“The last thing we need is further disruption and, rather, the focus should be on resolving this.”

But Brexit Minister Lord Frost has played down the prospects of a breakthrough in talks with the EU.

Arriving for talks in Brussels with Mr Sefcovic, Lord Frost said there were still “significant gaps” between the two sides.

He reiterated that the UK could trigger Article 16, suspending part of the arrangements, if there was no agreement.

“Our preference is to see if we can find a negotiated way through this problem. If we can’t, Article 16 remains on the table,” he told reporters.

“There are a number of issues that need to be fixed if we are going to resolve this problem. There are still really quite significant gaps between us.

“I wouldn’t expect any breakthroughs today but there are some issues that we are making better progress on than others.”

He added: “Article 16 is a legitimate provision in the protocol, it is part of the protocol, it is there to provide safeguards in the event of difficulties which are spelt out in the protocol.”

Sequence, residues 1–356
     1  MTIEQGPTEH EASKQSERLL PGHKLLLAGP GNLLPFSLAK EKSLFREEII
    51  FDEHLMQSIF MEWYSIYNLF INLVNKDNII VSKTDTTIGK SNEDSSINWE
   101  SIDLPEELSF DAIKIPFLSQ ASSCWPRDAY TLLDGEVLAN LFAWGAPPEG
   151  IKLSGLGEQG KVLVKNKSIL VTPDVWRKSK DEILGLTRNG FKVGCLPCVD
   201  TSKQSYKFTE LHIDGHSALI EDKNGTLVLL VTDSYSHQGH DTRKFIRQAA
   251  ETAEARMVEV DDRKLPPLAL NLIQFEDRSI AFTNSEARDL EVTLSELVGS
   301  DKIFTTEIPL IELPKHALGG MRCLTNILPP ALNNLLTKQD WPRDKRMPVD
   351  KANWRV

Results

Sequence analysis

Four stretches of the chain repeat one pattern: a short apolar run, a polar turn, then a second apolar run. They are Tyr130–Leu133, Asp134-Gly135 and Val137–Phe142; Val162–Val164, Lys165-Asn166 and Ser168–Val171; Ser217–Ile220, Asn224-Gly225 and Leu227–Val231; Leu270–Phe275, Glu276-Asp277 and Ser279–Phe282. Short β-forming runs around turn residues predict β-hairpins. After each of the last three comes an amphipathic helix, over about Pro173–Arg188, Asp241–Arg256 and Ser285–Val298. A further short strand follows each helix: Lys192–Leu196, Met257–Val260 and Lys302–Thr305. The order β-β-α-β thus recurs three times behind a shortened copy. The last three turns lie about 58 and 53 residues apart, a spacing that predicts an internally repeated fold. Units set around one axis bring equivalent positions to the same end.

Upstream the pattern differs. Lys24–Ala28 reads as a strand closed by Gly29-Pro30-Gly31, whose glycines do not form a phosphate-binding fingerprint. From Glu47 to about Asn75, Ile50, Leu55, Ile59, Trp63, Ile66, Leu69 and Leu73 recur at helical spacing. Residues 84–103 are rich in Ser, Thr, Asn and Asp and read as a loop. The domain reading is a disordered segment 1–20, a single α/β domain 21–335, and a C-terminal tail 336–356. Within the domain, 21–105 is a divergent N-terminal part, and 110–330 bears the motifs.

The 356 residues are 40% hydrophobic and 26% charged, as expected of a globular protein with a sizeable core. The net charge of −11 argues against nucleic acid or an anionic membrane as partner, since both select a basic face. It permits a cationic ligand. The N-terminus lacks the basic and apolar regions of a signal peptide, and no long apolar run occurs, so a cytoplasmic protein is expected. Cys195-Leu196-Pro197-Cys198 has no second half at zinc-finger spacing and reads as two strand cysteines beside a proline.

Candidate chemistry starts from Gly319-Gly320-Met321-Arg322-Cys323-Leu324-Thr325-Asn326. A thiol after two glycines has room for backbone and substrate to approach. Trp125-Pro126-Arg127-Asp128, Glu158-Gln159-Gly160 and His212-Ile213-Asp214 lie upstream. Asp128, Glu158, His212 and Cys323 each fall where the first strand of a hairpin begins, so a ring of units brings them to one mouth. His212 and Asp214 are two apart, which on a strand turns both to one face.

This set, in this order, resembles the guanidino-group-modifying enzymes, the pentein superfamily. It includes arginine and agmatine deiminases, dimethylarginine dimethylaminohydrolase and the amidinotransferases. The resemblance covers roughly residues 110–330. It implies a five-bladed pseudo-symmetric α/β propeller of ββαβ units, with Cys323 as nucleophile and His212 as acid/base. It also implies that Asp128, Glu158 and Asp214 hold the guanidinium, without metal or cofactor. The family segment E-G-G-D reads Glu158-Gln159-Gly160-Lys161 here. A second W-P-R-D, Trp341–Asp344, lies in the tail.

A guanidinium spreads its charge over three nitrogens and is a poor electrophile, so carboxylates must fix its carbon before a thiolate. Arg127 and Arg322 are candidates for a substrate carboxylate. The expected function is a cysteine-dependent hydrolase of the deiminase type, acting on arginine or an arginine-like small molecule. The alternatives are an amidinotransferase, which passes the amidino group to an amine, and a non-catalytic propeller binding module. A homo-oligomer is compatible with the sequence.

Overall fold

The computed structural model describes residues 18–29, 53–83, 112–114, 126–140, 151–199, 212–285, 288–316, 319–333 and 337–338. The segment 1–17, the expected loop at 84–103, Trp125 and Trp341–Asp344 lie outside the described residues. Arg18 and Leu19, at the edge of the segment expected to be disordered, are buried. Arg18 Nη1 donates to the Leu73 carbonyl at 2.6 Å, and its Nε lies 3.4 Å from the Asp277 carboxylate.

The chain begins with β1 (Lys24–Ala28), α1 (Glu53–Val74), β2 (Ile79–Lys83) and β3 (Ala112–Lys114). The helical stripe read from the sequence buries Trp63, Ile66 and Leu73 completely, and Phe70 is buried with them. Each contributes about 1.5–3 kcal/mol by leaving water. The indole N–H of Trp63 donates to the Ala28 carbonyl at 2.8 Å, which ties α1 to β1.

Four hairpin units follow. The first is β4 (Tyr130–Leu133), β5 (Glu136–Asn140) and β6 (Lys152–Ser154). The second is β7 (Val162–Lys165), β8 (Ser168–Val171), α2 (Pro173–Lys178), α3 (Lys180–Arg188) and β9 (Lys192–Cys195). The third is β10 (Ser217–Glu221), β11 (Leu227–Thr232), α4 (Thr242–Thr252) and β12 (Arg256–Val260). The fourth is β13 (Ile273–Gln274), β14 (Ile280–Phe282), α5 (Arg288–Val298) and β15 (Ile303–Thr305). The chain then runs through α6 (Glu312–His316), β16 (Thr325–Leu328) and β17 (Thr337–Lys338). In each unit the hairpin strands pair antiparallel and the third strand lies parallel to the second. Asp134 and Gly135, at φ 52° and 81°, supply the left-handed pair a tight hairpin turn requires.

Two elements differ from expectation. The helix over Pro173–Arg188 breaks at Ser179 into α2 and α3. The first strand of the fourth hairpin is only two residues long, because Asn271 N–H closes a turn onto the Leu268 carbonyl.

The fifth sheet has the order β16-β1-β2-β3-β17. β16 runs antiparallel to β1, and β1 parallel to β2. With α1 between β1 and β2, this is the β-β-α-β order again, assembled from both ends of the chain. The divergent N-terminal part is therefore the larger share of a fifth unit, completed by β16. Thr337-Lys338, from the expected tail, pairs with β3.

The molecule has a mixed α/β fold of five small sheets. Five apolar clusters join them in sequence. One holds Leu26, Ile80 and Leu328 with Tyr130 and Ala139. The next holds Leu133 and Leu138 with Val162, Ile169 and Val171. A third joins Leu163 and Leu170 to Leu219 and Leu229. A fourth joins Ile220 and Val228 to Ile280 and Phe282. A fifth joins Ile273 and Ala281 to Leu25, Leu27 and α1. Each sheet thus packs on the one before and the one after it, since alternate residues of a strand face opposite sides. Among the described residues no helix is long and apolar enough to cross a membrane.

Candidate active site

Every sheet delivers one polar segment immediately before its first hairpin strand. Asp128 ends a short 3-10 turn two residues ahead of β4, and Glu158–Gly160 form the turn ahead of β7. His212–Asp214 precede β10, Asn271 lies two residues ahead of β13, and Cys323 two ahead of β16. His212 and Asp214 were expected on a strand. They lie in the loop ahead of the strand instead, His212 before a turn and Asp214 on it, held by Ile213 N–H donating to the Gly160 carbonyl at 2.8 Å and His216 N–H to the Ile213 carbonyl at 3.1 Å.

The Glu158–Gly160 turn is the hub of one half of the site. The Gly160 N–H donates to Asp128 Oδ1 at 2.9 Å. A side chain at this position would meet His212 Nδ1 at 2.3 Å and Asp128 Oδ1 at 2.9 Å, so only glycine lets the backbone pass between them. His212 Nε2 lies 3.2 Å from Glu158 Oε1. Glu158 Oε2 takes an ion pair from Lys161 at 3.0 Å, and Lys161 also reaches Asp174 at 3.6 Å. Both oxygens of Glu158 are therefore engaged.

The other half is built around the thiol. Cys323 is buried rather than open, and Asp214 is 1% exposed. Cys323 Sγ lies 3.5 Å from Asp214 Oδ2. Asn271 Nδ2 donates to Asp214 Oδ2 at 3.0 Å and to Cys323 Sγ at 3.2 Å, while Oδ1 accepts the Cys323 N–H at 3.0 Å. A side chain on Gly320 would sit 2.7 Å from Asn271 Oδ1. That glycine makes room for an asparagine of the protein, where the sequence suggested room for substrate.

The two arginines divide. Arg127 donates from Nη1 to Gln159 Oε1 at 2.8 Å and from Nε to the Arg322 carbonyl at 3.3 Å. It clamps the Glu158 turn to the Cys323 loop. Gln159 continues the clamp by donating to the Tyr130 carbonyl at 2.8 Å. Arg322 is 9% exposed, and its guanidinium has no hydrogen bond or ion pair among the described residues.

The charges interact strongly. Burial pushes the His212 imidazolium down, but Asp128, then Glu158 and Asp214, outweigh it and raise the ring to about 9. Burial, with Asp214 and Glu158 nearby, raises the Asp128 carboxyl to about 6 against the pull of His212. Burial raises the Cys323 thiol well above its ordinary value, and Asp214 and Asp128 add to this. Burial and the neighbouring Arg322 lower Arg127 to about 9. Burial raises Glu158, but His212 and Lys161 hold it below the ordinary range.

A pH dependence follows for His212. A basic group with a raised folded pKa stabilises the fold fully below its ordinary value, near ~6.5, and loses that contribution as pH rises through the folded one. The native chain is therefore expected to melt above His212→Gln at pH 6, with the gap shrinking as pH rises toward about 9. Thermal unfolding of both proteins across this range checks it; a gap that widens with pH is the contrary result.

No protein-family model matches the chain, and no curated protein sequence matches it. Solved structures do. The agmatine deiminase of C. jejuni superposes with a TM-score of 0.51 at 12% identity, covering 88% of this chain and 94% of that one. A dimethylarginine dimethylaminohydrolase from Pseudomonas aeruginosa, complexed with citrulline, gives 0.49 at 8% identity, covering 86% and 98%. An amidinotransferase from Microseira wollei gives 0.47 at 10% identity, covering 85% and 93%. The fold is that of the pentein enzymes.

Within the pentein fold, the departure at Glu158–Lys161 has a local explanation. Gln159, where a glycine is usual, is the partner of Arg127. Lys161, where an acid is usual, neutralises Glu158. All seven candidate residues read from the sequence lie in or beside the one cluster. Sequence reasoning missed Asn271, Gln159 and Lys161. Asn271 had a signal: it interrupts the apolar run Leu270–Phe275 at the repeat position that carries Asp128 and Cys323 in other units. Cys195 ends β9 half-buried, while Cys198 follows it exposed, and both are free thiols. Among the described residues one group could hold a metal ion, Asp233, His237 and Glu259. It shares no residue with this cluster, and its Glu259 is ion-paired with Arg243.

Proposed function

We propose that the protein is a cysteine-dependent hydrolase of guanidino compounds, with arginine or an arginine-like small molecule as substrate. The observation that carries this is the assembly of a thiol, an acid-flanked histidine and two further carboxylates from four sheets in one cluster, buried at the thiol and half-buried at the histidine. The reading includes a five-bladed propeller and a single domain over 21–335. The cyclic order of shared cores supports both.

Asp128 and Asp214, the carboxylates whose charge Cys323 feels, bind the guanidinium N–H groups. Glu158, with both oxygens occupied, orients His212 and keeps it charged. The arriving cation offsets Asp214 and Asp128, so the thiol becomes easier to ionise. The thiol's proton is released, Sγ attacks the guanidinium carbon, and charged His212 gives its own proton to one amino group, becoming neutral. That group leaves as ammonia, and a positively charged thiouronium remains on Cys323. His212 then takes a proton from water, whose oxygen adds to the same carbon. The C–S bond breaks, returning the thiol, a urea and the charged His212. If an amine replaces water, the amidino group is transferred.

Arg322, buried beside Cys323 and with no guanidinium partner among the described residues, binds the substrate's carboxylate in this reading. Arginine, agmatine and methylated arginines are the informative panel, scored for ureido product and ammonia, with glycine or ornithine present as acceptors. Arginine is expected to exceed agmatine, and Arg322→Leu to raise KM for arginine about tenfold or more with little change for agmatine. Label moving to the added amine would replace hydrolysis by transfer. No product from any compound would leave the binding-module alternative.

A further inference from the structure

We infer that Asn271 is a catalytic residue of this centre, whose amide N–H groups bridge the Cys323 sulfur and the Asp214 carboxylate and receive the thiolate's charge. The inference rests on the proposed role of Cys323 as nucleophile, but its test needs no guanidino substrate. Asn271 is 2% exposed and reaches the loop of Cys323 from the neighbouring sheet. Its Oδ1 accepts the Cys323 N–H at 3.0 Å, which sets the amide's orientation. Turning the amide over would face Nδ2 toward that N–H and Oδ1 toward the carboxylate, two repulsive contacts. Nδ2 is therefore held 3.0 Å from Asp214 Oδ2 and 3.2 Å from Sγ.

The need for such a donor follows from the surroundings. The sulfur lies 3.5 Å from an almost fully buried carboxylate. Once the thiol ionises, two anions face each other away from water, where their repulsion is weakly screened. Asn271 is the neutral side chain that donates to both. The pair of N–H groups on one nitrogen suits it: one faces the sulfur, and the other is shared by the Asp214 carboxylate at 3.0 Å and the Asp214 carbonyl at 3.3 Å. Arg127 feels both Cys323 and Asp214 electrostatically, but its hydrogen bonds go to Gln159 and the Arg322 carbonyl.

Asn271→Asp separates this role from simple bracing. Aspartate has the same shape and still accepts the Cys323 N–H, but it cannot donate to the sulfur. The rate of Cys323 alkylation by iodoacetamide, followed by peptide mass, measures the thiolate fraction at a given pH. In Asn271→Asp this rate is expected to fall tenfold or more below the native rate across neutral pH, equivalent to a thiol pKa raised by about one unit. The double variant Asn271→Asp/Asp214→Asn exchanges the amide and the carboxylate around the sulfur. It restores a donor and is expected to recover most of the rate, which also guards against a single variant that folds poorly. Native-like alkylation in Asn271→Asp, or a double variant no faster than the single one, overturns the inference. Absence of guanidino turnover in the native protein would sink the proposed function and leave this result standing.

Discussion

Earlier, Mr Sefcovic said new measures on the protocol will create an “express line” on trade between Northern Ireland and Great Britain, resulting in a “win-win situation” for all.

He said the bloc will offer to permanently slash customs paperwork by 50%, along with the removal of up to 80% of checks.

Mr Sefcovic was speaking at the Brexit Institute at Dublin City University on Friday, immediately before crunch talks with his counterpart.

He called on the UK to “reciprocate” but welcomed the recent “change in tone” in talks.

Mr Sefcovic said the “comprehensive long-term solution” that would see “further facilitation and simplification” of customs checks will result in a “50% permanent reduction in existing paperwork”.

He added: “These measures would create a type of express line, which would substantially facilitate trade between all parties, a win-win situation for all.

“It is a unique and completely new model for how goods can be moved from Great Britain to Northern Ireland, one that will strengthen opportunities for people and businesses alike.”